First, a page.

Please don’t let us down, Prime Minister
I’m a director of Britannia Row Productions, an audio supply company.
During the past 40 years, we have been privileged to have provided equipment and technicians to many major concert artists, including Pink Floyd, Peter Gabriel, the Cure, Depeche Mode, Robbie Williams, Simply Red, Mumford and Sons and Harry Styles, and live events such as Her Majesty’s Golden and Diamond Jubilees, Live 8, the Barcelona and London Olympics, the Rugby World Cup and the FA Cup finals.
We currently employ around 70 staff and 100 freelance people, with most of our staff currently on furlough.
As well as providing the most state-of-the-art equipment, we supply audio engineers and technicians, and over the years both our company and many of our people have gained an international reputation for excellence in our field.
I, like most of my colleagues who provide these services, prefer to be in the background and have never sought or received assistance from government in the past, but the current crisis in our industry has compelled me to step forward and make a direct and public plea for you to help the hundreds of thousands of people who work in our industry.
Please don’t lay waste to an industry that brings enormous enjoyment to simply being alive
Boris, when you and your colleagues go to a concert, you expect a visual and audio experience to enhance the performance of your favourite performer, but perhaps don’t give much thought as to how all of these amazing visuals and stirring sounds are achieved. Quite rightly, you simply enjoy the moment.
Well, the reality is that behind the scenes, hundreds of people will have made that show possible. The artists, and their managers and production crew, have worked for months with lighting video and audio designers to produce shows that will thrill their fans and ensure concert spend is boosting the economy.
Promoters have been appointed to provide the venues to accommodate these performances.
Service companies have been chosen to provide the production expertise, the equipment, technicians, stagehands, security, catering, etc., etc., to make these events happen safely and seamlessly, every night, and on time.
The skills involved don’t just happen; they take years of training and experience to acquire.
British technicians are famed throughout the world. These skills will be lost if people leave our industry in desperation
British technicians are famed throughout the world. These skills will be lost if people leave our industry in desperation as they seek other work in order to feed themselves and their families.
I often hear you and your colleagues talk of the ‘hard-working’ people in the UK. Well, the people in my industry do work hard and are essential to a sector which contributes literally billions to our economy.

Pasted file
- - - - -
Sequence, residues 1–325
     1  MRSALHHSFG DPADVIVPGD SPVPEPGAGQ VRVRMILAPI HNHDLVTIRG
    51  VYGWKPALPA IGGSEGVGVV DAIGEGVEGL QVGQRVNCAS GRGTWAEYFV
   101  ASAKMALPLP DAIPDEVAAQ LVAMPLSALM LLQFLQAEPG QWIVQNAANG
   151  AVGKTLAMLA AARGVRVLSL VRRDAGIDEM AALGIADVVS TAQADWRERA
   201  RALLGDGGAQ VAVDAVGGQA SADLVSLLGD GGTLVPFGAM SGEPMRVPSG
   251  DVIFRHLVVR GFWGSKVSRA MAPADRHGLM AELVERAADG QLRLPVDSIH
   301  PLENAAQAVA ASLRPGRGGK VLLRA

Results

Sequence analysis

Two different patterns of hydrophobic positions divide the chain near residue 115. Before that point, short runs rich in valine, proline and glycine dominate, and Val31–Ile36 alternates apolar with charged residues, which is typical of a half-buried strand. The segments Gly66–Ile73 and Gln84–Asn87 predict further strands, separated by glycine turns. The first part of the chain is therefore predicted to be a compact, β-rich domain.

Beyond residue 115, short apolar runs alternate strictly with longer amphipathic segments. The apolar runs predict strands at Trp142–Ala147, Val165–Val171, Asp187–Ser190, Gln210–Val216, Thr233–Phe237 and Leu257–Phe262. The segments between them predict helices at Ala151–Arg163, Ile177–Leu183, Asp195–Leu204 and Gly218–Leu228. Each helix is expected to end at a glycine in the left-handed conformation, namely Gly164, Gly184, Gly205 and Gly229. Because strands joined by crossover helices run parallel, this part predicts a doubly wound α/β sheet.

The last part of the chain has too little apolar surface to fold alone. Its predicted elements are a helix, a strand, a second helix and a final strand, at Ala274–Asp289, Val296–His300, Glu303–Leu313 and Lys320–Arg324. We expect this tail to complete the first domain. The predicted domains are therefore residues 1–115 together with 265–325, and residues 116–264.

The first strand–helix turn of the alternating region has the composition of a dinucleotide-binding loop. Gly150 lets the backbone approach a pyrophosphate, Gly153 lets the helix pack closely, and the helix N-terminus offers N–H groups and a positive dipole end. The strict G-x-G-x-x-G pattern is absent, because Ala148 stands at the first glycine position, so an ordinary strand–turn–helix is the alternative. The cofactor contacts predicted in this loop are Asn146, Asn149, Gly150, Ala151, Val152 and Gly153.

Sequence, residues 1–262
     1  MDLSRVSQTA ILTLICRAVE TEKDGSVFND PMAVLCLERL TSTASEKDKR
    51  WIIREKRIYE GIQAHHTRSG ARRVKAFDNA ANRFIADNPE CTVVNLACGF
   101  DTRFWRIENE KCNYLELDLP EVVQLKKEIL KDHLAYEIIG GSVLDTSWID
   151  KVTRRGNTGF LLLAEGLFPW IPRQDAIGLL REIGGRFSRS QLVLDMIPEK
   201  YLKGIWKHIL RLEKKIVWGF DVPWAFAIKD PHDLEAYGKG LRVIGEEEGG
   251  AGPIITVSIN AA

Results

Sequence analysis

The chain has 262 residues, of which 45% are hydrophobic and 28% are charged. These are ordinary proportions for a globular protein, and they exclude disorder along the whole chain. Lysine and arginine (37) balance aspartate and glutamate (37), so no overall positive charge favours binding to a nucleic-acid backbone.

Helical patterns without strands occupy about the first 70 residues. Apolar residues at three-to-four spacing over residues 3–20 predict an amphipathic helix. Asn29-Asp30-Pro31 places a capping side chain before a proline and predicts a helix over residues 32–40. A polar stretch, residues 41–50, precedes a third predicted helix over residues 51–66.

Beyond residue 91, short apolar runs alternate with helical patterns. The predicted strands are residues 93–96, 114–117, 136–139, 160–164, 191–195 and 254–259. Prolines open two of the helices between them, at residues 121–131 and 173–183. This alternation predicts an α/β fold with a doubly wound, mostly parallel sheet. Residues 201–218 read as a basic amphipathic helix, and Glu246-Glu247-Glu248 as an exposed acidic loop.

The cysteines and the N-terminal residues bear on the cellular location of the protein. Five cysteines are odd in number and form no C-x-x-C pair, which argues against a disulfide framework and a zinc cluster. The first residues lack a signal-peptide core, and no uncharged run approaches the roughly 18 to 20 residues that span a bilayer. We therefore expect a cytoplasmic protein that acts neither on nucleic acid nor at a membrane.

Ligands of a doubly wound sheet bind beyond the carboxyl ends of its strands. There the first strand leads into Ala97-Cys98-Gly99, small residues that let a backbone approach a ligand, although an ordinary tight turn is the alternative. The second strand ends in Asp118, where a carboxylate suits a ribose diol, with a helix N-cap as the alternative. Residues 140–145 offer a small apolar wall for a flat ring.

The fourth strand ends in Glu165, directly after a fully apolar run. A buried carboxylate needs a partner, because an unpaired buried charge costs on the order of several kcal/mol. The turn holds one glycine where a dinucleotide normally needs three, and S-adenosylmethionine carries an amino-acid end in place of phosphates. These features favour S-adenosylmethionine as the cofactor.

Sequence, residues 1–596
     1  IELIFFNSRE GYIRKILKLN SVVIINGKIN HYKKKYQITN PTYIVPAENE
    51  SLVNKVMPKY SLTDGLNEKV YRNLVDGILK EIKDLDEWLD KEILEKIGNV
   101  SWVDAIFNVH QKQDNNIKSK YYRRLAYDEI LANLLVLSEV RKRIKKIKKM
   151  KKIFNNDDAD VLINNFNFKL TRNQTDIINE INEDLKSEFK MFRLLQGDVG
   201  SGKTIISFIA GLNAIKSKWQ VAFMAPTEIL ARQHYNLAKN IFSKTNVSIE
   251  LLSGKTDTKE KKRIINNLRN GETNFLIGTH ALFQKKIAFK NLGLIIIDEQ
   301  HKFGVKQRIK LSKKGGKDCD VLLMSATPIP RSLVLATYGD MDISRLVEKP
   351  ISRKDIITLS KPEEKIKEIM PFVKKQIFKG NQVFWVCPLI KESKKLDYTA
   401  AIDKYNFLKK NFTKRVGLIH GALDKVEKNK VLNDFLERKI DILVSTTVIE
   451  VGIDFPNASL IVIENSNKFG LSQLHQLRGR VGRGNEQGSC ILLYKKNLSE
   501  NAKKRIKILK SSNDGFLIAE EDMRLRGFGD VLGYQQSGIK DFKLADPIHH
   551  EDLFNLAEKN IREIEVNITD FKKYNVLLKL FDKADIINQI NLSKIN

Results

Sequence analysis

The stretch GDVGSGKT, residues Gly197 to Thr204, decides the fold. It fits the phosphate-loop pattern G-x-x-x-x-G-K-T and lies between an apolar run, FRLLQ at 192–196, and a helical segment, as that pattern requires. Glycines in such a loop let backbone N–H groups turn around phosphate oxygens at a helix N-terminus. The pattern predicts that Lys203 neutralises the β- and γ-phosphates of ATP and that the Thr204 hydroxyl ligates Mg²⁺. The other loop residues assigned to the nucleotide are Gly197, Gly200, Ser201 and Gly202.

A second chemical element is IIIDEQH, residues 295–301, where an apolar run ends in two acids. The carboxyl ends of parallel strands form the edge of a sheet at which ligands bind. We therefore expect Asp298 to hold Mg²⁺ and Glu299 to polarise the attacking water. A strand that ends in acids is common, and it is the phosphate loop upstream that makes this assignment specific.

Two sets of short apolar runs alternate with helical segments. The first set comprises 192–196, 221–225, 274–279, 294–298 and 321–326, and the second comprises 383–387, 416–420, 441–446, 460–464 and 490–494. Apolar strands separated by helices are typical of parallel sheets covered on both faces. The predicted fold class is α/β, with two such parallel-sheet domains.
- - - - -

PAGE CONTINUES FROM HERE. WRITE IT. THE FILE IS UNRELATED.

Please, don’t let them down – support them until we can find a way to bring back our live concerts and events. We don’t live by bread alone, as the old saying goes.
Please don’t lay waste to an industry that brings enormous enjoyment to simply being alive.
Bryan Grant is co-founder and director of Britannia Row Productions.
Spanish protesters declare ‘alerta roja’
The Spanish production sector has become the latest to take to the streets as part of the increasingly international #WeMakeEvents/Red Alert protest movement.
According to the Spanish Association of Music Promoters (APM), yesterday (17 September) saw some 16,000 live entertainment professionals hold protests – while prominent buildings and venues were illuminated red – in 28 cities to raise awareness of the state’s perceived lack of support for the sector during the coronavirus crisis.
The demonstrations, plans for which were announced earlier this month, follow similar protests in France, the US, the Netherlands, the UK, Belgium and Germany. As in Belgium, the Spanish demonstrators flooded the streets with empty flight cases symbolising widespread unemployment among production crews and staff.
Protesters also called for the creation of a pan-industry working group to build “firm, solid and durable foundations for the sector, which needs laws adapted to its special circumstances and particularities”, reports APM, “allowing all those involved to have legal certainty” about the future.
The Alerta Roja (Red Alert) campaign had previously declined a meeting with the minister of culture and sports, noting that: “We need a meeting with all the ministries involved: culture and sports, labour, industry, tourism, economic affairs and the treasury.”
“We, along with everyone who works in the live events sector, are on red alert”
Posting on Twitter, a spokesperson said yesterday had been a historic day for the Spanish live events business.